It was only a matter of time after Nvidia’s failed $40 billion acquisition of chip designer Arm before the U.K.-based company found another way to raise money. The Federal Trade Commission had made it abundantly clear that no deep-pocketed Arm customer would be allowed to buy the company. The potential list of buyers included Apple, Google, Microsoft, Qualcomm and Samsung.
Nvidia and Softbank tossed in the towel, costing Nvidia $1.36 billion in a breakup fee, in February 2022. Since then, Softbank has been pumping an initial public offering for Arm that would value the chip designer at somewhere in the neighborhood of $60 billion to $70 billion. Softbank owns 75% of Arm, and its Vision Fund II owns the rest. The IPO would include some 12% to 15% of Arm to raise $8 billion to $10 billion. Softbank paid $32 billion in 2016 to acquire Arm.
In a preliminary prospectus (on Form F-1) filing with the Securities and Exchange Commission late Monday, Arm revealed that the U. S. IPO would come in the form of American depositary shares (ADSs) at a ratio of one ADS per one common share of Arm. Arm has also applied to Nasdaq for the right to use the ticker symbol ARM.
Arm has provided summary financial data for the past three fiscal years. Sales rose by nearly a third between 2021 and 2022 but dipped about 1% in the 2023 fiscal year that ended in March. The company reported cash on hand of $2.22 billion and total assets worth $6.87 billion at the end of March. Total liabilities amount to $2.82 billion.
Even though its revenue dipped slightly in 2023, the company reported that it shipped some 30,583 chips during the fiscal year, a fraction of the 30 billion chips shipped that use Arm technology, for which the company is paid a royalty.
In other news, The New Yorker magazine has published a long investigative piece by Ronan Farrow titled “Elon Musk’s Shadow Rule,” describing how the founder and CEO of Tesla, founder and board chair of SpaceX, and new owner of Twitter (aka, X) has managed to make himself indispensable to the U.S. government, and, more to the point, how Musk has gained enormous influence in U.S. policy.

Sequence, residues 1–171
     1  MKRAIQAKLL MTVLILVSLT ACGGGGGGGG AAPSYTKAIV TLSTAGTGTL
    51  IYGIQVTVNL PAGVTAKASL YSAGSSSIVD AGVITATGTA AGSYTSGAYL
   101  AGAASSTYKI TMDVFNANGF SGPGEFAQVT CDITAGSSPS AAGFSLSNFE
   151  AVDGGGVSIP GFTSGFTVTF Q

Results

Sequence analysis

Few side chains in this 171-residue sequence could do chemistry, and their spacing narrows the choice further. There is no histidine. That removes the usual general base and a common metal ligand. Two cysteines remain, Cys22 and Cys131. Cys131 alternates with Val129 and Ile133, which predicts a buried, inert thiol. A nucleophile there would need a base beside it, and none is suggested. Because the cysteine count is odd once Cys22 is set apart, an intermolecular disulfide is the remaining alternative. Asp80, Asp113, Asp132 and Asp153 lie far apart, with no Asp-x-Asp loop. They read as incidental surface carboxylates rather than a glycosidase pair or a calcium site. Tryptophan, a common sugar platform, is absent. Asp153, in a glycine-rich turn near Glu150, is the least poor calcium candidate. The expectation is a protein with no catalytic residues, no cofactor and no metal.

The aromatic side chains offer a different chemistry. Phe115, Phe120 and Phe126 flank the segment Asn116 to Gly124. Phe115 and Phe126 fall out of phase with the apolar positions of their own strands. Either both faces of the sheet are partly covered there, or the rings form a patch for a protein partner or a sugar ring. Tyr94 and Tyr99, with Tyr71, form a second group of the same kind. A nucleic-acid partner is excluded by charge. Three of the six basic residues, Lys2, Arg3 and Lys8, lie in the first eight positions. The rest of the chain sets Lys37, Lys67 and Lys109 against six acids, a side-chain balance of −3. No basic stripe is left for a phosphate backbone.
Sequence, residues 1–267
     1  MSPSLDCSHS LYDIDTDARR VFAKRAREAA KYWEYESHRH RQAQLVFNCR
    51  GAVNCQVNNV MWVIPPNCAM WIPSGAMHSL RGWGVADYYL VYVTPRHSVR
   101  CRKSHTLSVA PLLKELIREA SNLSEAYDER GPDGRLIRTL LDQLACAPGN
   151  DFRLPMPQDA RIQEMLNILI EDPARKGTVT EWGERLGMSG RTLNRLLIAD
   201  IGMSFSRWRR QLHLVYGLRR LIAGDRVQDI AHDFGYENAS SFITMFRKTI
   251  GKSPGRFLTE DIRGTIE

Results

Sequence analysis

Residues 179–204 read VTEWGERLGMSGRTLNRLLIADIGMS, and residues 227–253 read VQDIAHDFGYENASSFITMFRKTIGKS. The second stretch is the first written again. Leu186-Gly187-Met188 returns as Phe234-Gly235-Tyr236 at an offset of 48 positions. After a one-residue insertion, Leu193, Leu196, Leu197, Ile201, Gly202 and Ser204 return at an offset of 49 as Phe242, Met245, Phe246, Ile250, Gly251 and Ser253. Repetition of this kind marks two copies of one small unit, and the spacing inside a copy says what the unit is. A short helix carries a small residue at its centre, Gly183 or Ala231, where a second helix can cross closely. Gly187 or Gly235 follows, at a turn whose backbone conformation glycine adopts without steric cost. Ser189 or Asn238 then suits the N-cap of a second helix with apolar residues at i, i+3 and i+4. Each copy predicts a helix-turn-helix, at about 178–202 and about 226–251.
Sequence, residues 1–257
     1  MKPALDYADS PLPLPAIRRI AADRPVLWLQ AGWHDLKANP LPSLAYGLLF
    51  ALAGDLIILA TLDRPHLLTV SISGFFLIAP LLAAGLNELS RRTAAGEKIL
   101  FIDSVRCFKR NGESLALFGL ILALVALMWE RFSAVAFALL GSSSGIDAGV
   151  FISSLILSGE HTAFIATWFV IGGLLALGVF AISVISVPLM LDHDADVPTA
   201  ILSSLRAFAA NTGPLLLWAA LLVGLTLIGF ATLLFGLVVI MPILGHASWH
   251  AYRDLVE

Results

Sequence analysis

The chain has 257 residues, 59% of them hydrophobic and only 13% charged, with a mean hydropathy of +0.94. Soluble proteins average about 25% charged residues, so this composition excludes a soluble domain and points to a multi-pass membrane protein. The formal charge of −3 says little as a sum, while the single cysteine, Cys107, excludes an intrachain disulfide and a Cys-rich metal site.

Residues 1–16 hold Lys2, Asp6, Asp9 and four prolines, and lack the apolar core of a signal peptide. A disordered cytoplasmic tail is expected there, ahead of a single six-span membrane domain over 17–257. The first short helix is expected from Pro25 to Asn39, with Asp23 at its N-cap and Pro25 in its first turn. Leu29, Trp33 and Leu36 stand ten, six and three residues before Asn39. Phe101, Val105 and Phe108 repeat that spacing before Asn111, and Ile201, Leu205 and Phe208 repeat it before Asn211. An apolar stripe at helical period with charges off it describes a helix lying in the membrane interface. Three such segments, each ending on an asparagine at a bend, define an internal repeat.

Farrow’s story begins with a threat from Musk to shut down the Starlink satellite network he had provided to Ukraine in its fight against the Russian invasion unless the Pentagon began paying a bill that Starlink’s owner, SpaceX, claimed ran to $400 million a year. To demonstrate that SpaceX was serious, the Starlink network, which Ukraine’s armed forces used for battlefield communication, stopped working when those forces crossed the southern border of the country during a battle. That’s a lot of influence over government policy.
In reporting the story, Farrow described one incident with a Pentagon official that demonstrates just how much juice Musk has:
One Pentagon spokesman said that he was keeping Musk apprised of my inquiries about his role in Ukraine and would grant an interview with an official about the matter only with Musk’s permission. “We’ll talk to you if Elon wants us to,” he told me. In a podcast interview last year, Musk was asked whether he has more influence than the American government. He replied immediately, “In some ways.” Reid Hoffman [co-founder of PayPal with Musk] told me that Musk’s attitude is “like Louis XIV: ‘L’état, c’est moi.’
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